Family still fighting to recover losses from state’s handling of man’s properties (ME)

ROCKLAND, Maine — Mediation has failed to resolve a legal battle over the state’s sale of a waterfront home for less than half its value while the owner was in a mental hospital.

Two lawsuits remain in progress in the state’s Business and Consumer Court in Portland over the Owls Head property sale, damage to the man’s Rockland home, the sale and disposal of many of his personal belongings and the euthanizing of his cat.

Two and a half years after the Maine Department of Health and Human Services sold the Owls Head home of William Dean, one lawsuit still seeks to overturn that sale and the other seeks damages from the state for its actions while it had legal authority to handle the Rockland man’s finances.

The parties have gone through mediation but no agreement was reached in the case, according to paperwork filed in court last month.

“The parties have participated in ADR (alternate dispute resolution). Although no agreement of settlement was reached, the ADR neutral (mediator) indicated that a further discussion aimed at settlement might be productive,” according to an April 16 filing by presiding Justice Andrew Horton.

The next conference to discuss the schedule of the case, and when a jury trial could be held, will take place in October.

According to a transcript of a hearing held in the business court, attorney David Jenny said Dean was impoverished by the state’s action. Dean had $654,000 worth of real estate, free of any mortgages, when the state became his conservator in September 2012, but in less than a year, Dean was down to $20,000, according to Jenny in the transcript.

In addition, the state’s sale of his Owls Head waterfront home has left Dean with a capital gains tax bill of more than $31,000 that was unnecessary, according to Jenny.

The saga began after Dean was hospitalized in 2012 at the state-run Dorothea Dix Psychiatric Center in Bangor. DHHS was appointed conservator in November 2012 by a probate judge to oversee Dean’s finances. At the time, DHHS argued that it needed to sell some of Dean’s assets to pay upcoming property tax bills.

Dean’s relatives, however, said they offered to pay the bill but that the state went forward with the Owls Head sale.

Dean’s property on Castlewood Lane in Owls Head was sold by DHHS to James Peter Taylor in January 2013 for $205,000, even though the town had the property assessed for $476,840. The property consisted of 1 acre with 100 feet of shore frontage and a two-story, 1,000-square-foot cottage.

Court papers show that the state hired appraiser Sarah Robertson, who concluded the property was worth $340,000.

Court filings also revealed a Jan. 10, 2013, DHHS memo that showed attorneys for the department approved moving up the closing of the Owls Head property before Dean’s relatives could go to court to try to block the transaction. The DHHS official drove to Rockland to the Knox County Registry of Deeds that day and met with Taylor’s attorney and completed the sale and filed the deed transfer at the registry.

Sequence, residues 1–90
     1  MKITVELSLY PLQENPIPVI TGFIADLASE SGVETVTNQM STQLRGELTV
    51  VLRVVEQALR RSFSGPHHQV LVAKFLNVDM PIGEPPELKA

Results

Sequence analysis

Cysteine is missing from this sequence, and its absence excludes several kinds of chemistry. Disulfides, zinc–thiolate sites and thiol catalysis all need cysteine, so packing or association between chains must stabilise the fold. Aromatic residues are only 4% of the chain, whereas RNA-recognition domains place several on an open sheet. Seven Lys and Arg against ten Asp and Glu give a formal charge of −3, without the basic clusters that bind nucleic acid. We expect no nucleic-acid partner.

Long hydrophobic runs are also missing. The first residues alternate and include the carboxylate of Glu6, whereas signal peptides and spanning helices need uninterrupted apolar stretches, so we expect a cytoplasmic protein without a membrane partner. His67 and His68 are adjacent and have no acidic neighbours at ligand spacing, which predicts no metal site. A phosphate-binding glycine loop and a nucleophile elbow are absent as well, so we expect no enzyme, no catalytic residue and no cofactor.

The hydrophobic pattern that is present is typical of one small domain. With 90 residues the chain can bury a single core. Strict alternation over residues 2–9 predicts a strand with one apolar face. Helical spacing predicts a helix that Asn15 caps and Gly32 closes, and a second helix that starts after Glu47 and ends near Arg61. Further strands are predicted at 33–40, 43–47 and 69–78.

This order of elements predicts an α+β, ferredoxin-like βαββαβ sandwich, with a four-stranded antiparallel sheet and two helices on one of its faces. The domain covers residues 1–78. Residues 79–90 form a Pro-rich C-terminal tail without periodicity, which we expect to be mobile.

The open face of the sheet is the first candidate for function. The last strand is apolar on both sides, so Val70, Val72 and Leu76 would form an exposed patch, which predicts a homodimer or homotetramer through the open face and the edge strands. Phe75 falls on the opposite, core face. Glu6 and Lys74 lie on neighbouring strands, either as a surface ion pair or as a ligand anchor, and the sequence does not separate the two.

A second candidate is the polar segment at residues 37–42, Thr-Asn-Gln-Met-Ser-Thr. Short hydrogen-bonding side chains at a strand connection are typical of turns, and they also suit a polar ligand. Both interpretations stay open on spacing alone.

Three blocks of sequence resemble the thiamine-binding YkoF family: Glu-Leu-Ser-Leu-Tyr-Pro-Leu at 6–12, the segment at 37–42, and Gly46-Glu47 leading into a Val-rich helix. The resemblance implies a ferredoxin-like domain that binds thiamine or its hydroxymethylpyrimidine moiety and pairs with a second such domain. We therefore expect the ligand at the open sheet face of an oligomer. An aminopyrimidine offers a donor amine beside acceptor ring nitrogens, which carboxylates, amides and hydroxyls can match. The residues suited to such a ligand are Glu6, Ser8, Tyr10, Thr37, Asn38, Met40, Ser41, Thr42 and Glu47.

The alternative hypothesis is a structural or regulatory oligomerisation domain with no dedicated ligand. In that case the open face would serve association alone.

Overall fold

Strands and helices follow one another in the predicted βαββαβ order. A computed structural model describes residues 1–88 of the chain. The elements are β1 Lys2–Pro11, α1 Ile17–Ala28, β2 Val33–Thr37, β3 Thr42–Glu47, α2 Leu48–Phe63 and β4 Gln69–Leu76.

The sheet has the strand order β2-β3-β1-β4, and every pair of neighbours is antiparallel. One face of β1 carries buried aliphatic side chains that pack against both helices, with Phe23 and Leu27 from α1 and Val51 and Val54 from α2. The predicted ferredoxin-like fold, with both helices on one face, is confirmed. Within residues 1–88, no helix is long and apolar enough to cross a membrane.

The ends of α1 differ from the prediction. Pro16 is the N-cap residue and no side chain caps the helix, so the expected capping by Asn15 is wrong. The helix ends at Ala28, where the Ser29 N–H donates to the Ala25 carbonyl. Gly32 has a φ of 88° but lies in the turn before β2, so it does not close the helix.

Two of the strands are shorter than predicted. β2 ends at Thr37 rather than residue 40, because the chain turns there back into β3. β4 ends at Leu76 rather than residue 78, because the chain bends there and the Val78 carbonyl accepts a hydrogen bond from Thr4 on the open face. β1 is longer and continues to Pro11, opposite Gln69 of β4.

Dean’s sister Claire Dean Perry filed a lawsuit in May 2013 against the state, Key Bank and her brother. In her lawsuit, she claimed that her brother drained a trust account their parents had established for both of them. Key Bank was named in the suit because it oversaw the trust account and the state was named because it was the conservator. The state was named as a defendant because of its actions.

A second lawsuit was filed in February by Pamela Vose, Dean’s cousin, who became conservator over his finances in August 2013 after the state withdrew. Vose’s lawsuit seeks to void the sale of the Owls Head waterfront property.

Perry, Dean and Key Bank reached an agreement, approved by the Penobscot County Probate Court in September 2014 to settle the first lawsuit. The settlement calls for the sister to be paid $71,542 and $48,475 to Vose as the conservator of Dean.

Dean was released from Dorothea Dix in 2013 and lives in the midcoast.

Vose’s lawsuit also contends that DHHS hired an auction company to sell off belongings in the Rockland house without having a contract and without taking an inventory. Other court documents stated that the estate included many valuable items such as musical instruments and a Cadillac that Dean cherished.

His cat Caterpillar was euthanized.

The July affidavit also revealed that Dean’s house in Rockland was left unheated during the 2012-2013 winter while the state was Dean’s conservator. The water was not turned off nor the pipes drained, so pipes froze, burst and flooded the residence with an estimated 27,000 gallons of water. Since the house on Broadway was closed up, a serious mold problem resulted.

DHHS is arguing that the Rockland house already had a mold problem before the broken water pipes. Jenny is contesting that claim and is asking for an expert witness to testify that he had inspected the home before the flooding.

The state put the property — a two-story, 2,000-square-foot colonial house — up for sale for $69,900. A sale was not completed, however, before DHHS was replaced as conservator by Vose.


Family still fighting to recover losses from state’s handling of man’s properties
Stephen Betts
May 18, 2015
Bangor Daily News